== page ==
13. I was on the Newcastle when the first Gay in the Navy came out nationally and it was in the Papers.

    The lads on board treated him with the up most respect. Suddenly the powers above thought it be better to have shower curtains put up in the cubicles because of having a gay on board. Even though he's been on board for 2 years already.

    He was treated no different to anyone else. But he soon fucked people off when he claimed he was being treated badly for being gay just so he could be taken off the ship before we went on our 9 month deployment. He didn't want to go.

    No one treated him badly.

    Like some have said already you will get positive and you will get negative and those who just don't give a ****. As long as you have a sense of humour you'll be fine. You'll always have someone say something a little bit un pc As long is it banter give the same back.

    Don't be afraid of being who you are. Enjoy your time in the mob.
  14. With most people it won't be an issue unless you make it an issue. As an ATCO you'll be shoreside most of the time anyway although there are exchange opportunities with the other services. The only ATCO jobs afloat are in each of the capital ships; CVS, LPD, LPH.
  15. janner

    janner War Hero Book Reviewer

    I think you may have a few suprises coming :dwarf:
  16. Ninja_Stoker

    Ninja_Stoker War Hero Moderator

    Here we go:


    1. This Code of Social Conduct explains the Armed Forces’ policy of personal relationships involving Service personnel. It applies to all members of the Armed Forces regardless of their gender, sexual orientation, rank, or status. The provisions apply equally to members of the Regular and the Reserve Forces.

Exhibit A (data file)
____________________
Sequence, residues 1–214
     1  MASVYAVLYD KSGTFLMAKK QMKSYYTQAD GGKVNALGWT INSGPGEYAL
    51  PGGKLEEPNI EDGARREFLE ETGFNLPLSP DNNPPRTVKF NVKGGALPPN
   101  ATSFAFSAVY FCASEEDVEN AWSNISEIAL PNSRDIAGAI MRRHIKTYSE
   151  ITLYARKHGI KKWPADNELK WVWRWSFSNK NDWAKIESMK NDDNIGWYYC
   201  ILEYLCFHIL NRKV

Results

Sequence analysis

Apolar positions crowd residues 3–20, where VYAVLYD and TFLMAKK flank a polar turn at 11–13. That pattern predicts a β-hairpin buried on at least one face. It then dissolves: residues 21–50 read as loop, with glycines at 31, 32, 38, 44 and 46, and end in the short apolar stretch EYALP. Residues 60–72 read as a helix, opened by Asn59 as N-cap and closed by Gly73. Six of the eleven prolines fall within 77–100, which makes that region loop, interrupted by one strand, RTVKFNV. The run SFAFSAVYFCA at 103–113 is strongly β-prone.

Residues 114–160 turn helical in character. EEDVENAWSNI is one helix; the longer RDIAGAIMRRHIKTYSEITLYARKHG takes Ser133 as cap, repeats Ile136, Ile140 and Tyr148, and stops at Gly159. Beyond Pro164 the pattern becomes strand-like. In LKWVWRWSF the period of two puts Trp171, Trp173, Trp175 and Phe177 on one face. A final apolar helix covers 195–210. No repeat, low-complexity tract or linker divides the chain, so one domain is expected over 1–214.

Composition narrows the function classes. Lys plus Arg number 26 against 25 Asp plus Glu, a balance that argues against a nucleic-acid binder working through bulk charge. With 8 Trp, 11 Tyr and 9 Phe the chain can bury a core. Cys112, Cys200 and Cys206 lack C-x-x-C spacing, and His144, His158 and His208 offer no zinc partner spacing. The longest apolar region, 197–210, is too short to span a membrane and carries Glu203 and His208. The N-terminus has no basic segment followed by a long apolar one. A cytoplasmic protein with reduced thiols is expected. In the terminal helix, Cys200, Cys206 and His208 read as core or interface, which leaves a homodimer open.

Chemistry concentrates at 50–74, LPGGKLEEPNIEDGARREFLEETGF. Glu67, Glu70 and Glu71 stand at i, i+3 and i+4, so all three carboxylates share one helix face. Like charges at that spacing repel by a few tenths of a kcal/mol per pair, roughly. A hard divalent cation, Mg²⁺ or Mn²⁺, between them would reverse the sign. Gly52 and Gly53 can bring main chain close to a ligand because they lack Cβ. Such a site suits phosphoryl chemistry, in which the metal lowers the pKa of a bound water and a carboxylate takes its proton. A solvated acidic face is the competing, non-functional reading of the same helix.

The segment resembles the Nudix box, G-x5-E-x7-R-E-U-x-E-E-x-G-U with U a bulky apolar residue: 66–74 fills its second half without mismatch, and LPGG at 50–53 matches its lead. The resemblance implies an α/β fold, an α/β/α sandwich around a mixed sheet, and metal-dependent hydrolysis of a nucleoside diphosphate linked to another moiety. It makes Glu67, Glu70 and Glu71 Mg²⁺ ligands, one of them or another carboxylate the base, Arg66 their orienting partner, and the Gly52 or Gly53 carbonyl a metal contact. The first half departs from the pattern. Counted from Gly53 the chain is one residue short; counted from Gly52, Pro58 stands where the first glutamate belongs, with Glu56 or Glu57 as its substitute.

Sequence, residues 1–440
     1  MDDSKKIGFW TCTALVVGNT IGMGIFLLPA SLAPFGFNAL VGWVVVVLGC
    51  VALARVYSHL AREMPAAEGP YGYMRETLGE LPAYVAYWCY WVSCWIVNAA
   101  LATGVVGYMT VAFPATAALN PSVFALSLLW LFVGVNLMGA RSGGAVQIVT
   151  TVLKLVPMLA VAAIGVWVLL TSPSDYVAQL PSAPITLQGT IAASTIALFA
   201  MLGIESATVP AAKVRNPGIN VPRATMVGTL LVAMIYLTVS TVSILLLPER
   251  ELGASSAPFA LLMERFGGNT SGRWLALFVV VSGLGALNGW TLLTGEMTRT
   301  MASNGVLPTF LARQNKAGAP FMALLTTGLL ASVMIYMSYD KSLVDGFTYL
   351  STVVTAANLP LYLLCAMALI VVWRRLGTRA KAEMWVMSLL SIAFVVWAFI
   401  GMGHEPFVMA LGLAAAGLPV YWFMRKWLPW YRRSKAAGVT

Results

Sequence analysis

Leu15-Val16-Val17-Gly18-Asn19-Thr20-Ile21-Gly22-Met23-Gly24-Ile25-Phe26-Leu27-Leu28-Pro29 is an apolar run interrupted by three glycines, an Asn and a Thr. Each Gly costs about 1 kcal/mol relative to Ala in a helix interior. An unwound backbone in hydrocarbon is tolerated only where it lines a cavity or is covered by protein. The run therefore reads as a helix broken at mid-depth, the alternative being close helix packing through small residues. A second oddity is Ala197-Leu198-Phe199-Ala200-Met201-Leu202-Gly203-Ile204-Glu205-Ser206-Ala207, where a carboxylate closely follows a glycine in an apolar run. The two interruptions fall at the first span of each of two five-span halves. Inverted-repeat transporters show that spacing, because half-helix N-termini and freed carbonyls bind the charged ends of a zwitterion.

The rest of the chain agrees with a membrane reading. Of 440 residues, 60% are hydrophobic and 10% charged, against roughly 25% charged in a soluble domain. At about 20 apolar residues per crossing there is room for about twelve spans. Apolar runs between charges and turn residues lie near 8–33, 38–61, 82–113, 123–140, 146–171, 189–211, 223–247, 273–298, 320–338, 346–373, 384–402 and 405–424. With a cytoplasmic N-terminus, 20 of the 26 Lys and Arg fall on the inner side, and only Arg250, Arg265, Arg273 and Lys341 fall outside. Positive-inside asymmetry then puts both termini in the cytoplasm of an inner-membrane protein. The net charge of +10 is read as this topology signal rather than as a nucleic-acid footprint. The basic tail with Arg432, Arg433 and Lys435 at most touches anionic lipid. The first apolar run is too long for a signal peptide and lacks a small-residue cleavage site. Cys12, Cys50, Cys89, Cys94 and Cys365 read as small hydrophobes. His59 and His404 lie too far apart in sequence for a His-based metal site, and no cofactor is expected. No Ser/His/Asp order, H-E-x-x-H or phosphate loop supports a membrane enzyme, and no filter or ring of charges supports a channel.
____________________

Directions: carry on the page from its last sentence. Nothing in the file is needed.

2. In the area of personal relationships, the overriding operational imperative to sustain team cohesion and to maintain trust and loyalty between commanders and those they command imposes a need for standards of social behaviour which are more demanding than those required by society at large. Such demands are equally necessary during peacetime and on operations. Examples of behaviour which can undermine such trust and cohesion, and therefore damage the morale or discipline of a unit (and hence its operational effectiveness) include: unwelcome sexual attention in the form of physical or verbal conduct; over-familiarity with the spouses or partners of other Service personnel; displays of affection which might cause offence to others; behaviour which damages or hazards the marriage or personal relationships of Service personnel or civilian colleagues within the wider defence community; and taking sexual advantage of subordinates. It is important to acknowledge in the tightly knit military community a need for mutual respect and a requirement to avoid conduct which offends others. Each case will be judged on its merits.

    3. It is not practicable to list every type of conduct that may constitute social misbehaviour. The seriousness with which misconduct will be regarded will depend on the individual circumstances and the potential for adversely affecting operational effectiveness. Nevertheless, misconduct involving abuse of position, trust, or rank, or taking advantage of an individual’s separation, will be viewed as being particularly serious.